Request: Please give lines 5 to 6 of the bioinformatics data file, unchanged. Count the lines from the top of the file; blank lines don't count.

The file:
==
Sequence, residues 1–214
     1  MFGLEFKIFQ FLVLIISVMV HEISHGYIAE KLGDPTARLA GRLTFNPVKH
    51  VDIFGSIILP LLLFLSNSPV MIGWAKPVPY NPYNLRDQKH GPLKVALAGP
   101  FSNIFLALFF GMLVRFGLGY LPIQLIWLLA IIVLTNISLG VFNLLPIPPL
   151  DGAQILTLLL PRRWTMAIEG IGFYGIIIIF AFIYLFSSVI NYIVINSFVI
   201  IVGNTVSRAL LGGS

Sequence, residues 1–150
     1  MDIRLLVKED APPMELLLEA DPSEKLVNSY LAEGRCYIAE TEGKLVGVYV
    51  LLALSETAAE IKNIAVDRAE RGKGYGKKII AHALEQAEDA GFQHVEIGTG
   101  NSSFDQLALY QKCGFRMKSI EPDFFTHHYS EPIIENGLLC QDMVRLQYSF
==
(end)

   151  DGAQILTLLL PRRWTMAIEG IGFYGIIIIF AFIYLFSSVI NYIVINSFVI
   201  IVGNTVSRAL LGGS